Colorado Parks and Wildlife's 2013 "Eagle Days" festival features eagle-viewing opportunities, hands-on activities for youngsters, live bird programs and educational presentations by raptor experts.
This year's festival, Feb. 1-3, takes place at three locations: Lake Pueblo State Park, the Pueblo Nature & Raptor Center and the Pueblo Zoo. Each year the event draws hundreds of visitors from across the state to learn more about these unique birds of prey.
The area around Pueblo Reservoir offers excellent opportunities to view a variety of birds of prey year-round, but during the winter months, the bald eagles are the star attraction. The eagles tend to gather at the west end of the lake, but park employees and visitors report sighting individual eagles around the south marina, the Boggs Creek area and the river corridor below the dam.
Programs at the Park Visitor Center and entry to the Visitor Center from Hwy. 96 are free, but vehicles are required to have a Park's Pass if they enter or drive through other portions of the park.
The festival starts Friday, Feb. 1 at 6:30 p.m. at the Lake Pueblo State Park auditorium with the announcement of the winners from this year's photo contest and a slideshow by Colorado photographer and premiere taxidermist Todd Huffman. Activities continue from 9 a.m. to 3 p.m. on Saturday and 9 a.m. to 4 p.m. on Sunday.
The schedule of events:
Friday, Feb. 1:
6:30 p.m. – Colorado photographer Todd Huffman will present a "Spectacular Colorado Slideshow" at the Eagle Day Photography Contest Awards Ceremony at the Park Visitor's Center Auditorium.
Saturday, Feb. 2:
Ongoing all day - "Eagle Viewing" through spotting scopes at west fishing area at Lake Pueblo State Park, and kids' activities including making owl puppets, owl cookies and badge making at the Park HQ.
9 a.m. - Live Raptors Demonstration" by Diane Miller at the Pueblo Raptor & Nature Center, next to Lake Pueblo State Park.
10 a.m. - "Scamper, Gallop and Fly: The Wildlife of Colorado," by nature author Mary Taylor Young.
11:30 a.m. – "Air Force Academy Falcons Demonstration" by USAFA Cadets.
Noon - The Pueblo Mountain Park will present a program and activities for kids of all ages.
1 p.m. - "Bird Conservation on National Forest Lands" by Richard Roth, retired U.S. Forest Service biologist.
2 p.m. - "Bald Eagles," by Bernadette Atencio of the U.S. Fish and Wildlife Service.
3 p.m. – Release of a rehabilitated raptor at the west fishing area on the north side of Lake Pueblo State Park.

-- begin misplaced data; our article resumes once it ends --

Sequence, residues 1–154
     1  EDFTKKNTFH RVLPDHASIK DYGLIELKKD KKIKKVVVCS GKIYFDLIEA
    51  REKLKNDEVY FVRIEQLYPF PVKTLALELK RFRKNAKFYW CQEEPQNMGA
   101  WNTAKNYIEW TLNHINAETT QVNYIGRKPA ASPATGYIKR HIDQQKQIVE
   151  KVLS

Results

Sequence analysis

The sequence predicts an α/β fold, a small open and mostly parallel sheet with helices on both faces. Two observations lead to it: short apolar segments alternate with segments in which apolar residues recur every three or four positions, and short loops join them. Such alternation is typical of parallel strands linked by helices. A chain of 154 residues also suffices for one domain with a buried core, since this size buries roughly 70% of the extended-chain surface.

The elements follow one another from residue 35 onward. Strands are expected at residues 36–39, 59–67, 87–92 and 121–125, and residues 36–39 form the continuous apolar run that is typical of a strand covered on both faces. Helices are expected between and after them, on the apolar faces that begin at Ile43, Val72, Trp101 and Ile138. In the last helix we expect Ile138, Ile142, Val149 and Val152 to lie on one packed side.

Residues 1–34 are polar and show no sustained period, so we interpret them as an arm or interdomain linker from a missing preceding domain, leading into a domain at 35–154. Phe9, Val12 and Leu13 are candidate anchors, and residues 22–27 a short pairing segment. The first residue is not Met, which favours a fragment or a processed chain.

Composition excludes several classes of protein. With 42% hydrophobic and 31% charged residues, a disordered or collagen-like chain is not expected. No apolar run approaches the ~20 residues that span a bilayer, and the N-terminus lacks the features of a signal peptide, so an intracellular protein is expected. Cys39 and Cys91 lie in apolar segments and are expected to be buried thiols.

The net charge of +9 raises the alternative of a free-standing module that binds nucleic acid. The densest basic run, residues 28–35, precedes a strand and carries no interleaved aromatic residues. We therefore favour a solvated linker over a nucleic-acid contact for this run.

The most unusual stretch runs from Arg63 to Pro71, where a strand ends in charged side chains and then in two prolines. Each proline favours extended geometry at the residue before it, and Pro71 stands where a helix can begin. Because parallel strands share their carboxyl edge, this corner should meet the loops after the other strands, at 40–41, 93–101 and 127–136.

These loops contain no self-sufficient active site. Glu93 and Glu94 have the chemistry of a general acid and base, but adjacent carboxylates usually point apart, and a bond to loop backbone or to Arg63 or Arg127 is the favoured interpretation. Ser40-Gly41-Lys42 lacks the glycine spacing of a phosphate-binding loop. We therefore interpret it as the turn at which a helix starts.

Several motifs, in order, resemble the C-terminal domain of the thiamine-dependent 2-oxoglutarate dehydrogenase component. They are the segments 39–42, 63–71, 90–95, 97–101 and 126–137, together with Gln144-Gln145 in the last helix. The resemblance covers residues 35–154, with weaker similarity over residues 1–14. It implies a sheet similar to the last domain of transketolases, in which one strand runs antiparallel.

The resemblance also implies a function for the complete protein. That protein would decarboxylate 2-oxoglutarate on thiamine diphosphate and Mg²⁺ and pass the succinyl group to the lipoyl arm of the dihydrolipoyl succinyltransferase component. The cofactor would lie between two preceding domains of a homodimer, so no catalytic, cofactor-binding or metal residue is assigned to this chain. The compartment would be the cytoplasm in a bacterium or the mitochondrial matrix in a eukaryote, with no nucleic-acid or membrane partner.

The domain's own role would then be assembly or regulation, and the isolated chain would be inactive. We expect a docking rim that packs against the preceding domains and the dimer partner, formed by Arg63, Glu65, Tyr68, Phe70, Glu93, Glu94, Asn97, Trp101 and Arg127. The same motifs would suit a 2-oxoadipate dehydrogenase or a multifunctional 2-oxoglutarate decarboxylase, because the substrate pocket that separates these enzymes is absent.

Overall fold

Sunday, Feb. 3:
9 a.m. - Wildlife viewing field trip meets at the north entrance to the Pueblo Reservoir State Wildlife Area, located west of the north entrance to the Park and south of Pueblo West
10:30 a.m. - Bird walk at the Pueblo Raptor & Nature Center.
11:00 a.m. to 2 p.m. - Live birds on display at the Pueblo Raptor & Nature Center
Noon to 4 p.m. - "See the Eagles" at the Pueblo Zoo. View the Pueblo Zoo's pair of bald eagles.
For more information about Pueblo Eagle Days, visit www.eagleday.org or call Colorado Parks and Wildlife at 719-561-5300 or 719-561-9320.
More about eagles:
Eagles are the number one animal that Americans say they want to see in the wild. Colorado, in the winter offer prime viewing opportunities for both bald eagles and golden eagles.
Up to 1,200 bald eagles spend the winter in Colorado. Bald eagles are attracted here by relatively mild winters. Look for them near open water where they hunt for fish or ducks.
Most of the bald eagles leave Colorado in late February and March, heading north to nesting grounds in the northern U.S., Canada and Alaska, but a few remain year-round.
Golden eagles prefer rugged cliffs with adjacent open country where they feed on a variety of birds, reptiles and mammals, though jackrabbits are their primary prey.
Unlike bald eagles, golden eagles are common nesting birds in Colorado but they too move about during different times of the year. There are roughly 900 active golden eagle nests in Colorado. The majority of the golden eagles nest in the northwest part of the state during the summer. In wintertime, golden eagles are more broadly distributed throughout the state, but they are particularly visible on the eastern plains.